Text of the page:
NU Online News Service, April 13, 2:55 p.m. EDT
Catastrophe bond issuance activity is not expected to re-visit the record-breaking levels of 2007, but estimates currently put 2009 on track to supplant 2008 as the third-busiest year for cat bonds, according to a brokerage forecast.
The briefing, published by Guy Carpenter & Company, LLC, said three bonds were closed in the first quarter of 2009, equaling 2008's first-quarter activity. The three bonds followed five months of silence since the last issuance in August 2008, the brokerage said.
It cited the ongoing global financial troubles for the slowdown during that period.
It is still too early to say whether the catastrophe bond market will be impacted further by the economy, according to the report, but it adds that the 2009 first-quarter resurgence is "certainly a positive sign."
For all of 2009, Guy Carpenter reported, the "consensus estimate" for issuance activity is $3 billion, conditional on market conditions.
If that level is reached, the firm said it "would result in an 11.1 percent year-over-year increase in catastrophe bond capital outstanding, as well as 2009 supplanting 2008 as the third-busiest issuance year in the history of the catastrophe bond market."
In 2008, 13 issues resulted in $2.7 billion in new and renewal capacity. In 2007, a record-setting year, there were 27 bond issues, accounting for $7 billion in capacity. The second-highest totals were in 2006, which saw 20 issues for $4.7 billion in capacity.
In the 2009 first quarter, Guy Carpenter reported the three bonds closed resulted in $575 million in capital. The number of transactions equaled 2008's first quarter.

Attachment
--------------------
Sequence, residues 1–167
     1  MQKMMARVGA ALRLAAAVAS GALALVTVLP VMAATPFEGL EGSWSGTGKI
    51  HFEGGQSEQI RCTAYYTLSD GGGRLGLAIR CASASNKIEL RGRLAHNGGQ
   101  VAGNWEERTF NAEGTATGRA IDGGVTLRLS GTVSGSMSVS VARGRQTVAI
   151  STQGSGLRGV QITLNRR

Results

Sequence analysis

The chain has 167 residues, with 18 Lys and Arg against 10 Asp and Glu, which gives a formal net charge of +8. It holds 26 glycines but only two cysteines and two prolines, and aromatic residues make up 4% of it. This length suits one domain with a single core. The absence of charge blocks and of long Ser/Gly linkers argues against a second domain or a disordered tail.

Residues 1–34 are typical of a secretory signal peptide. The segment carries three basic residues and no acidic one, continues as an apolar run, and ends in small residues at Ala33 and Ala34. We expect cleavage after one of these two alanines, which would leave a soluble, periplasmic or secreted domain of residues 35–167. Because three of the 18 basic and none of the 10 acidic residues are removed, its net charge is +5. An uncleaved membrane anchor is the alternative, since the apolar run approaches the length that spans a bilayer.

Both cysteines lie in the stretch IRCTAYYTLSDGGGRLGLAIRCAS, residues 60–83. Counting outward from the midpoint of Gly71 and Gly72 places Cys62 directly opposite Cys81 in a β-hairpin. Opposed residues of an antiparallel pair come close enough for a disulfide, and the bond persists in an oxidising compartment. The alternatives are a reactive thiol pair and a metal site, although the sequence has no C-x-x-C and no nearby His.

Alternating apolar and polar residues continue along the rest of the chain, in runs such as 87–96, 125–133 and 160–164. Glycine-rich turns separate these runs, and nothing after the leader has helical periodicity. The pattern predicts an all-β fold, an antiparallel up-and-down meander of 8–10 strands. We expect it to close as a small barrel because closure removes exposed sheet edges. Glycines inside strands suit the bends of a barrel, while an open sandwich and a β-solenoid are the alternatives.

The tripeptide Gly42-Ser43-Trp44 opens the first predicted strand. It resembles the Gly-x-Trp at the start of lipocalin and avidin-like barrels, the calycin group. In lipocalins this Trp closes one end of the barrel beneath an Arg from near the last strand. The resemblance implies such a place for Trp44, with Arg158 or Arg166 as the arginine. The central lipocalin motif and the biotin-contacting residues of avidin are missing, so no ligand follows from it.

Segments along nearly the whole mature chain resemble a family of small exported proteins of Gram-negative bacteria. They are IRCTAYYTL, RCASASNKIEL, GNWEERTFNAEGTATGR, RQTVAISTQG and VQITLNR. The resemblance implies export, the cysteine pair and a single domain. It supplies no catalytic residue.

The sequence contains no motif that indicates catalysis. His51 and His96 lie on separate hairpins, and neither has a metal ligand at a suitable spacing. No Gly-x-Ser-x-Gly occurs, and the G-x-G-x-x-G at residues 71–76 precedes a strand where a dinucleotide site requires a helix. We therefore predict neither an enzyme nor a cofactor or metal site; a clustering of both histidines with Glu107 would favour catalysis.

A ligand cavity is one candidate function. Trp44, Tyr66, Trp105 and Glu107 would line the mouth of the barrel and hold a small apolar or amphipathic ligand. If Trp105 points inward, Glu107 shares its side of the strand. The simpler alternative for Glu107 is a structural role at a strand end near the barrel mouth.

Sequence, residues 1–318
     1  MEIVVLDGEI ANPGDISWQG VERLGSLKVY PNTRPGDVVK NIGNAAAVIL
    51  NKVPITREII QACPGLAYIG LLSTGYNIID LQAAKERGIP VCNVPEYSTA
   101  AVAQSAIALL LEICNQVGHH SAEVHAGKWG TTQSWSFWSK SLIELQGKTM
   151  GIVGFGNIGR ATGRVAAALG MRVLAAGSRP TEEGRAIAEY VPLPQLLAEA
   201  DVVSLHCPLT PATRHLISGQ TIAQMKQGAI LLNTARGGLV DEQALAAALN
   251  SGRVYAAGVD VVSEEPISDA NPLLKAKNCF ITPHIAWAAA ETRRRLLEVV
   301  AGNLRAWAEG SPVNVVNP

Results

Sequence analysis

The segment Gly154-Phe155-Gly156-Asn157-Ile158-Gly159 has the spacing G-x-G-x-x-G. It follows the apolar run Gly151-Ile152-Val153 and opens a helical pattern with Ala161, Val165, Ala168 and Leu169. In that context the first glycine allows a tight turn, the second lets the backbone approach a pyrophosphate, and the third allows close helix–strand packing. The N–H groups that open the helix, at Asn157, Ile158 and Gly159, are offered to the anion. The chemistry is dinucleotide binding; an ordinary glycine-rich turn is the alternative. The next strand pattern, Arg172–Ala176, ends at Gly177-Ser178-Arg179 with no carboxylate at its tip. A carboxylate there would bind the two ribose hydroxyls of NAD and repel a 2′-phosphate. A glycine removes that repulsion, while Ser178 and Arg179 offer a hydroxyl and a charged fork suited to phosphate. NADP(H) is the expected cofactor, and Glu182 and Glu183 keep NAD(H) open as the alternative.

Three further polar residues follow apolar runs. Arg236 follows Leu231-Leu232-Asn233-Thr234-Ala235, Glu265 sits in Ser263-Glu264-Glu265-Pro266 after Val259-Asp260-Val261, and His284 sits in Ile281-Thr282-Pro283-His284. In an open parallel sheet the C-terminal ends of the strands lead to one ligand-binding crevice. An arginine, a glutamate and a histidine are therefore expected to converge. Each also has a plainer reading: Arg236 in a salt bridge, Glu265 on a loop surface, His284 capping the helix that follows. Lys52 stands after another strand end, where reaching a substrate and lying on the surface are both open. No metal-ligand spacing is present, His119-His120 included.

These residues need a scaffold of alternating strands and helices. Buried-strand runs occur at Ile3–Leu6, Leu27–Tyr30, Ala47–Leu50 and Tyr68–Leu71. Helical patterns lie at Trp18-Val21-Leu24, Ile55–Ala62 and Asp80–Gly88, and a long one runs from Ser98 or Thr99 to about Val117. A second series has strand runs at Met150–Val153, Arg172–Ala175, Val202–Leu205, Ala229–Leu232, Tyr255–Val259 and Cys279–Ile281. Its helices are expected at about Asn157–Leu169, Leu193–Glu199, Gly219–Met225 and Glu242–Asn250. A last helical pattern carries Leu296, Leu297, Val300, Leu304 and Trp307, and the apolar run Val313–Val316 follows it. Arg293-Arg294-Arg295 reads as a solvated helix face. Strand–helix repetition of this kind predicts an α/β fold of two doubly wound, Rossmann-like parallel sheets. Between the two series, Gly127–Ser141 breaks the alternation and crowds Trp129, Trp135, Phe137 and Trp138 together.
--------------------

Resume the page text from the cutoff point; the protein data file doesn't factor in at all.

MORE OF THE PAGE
All three transactions were for U.S. hurricane and earthquake perils only. Guy Carpenter said "the coverage of U.S. perils only in the first quarter of 2009 represents a distinct change from the first quarter of 2008, in which $400 million in risk capital had exposure to non-U.S. perils."
Also during the 2009 first quarter, six transactions matured and one was redeemed early, removing $650 million from the catastrophe bond market, resulting in a net decrease in risk capital for the first quarter of $75 million.
David Priebe, chairman of Global Client Development at Guy Carpenter, said in a statement: "The outlook for the remainder of 2009 is positive, with a strong pipeline of deals in the works. Sponsors are increasingly integrating catastrophe bonds into their risk management plans and leveraging these instruments as strategic tools for moving risk out of carrier portfolios."
Chi Hum, global head of distribution, GC Securities, added, "Though a return to the pace of 2007 is unlikely, we expect 2009 to be a busy year, with most issuances coming from experienced sponsors with clear risk management objectives and investment interest from specialists who are familiar with the territory."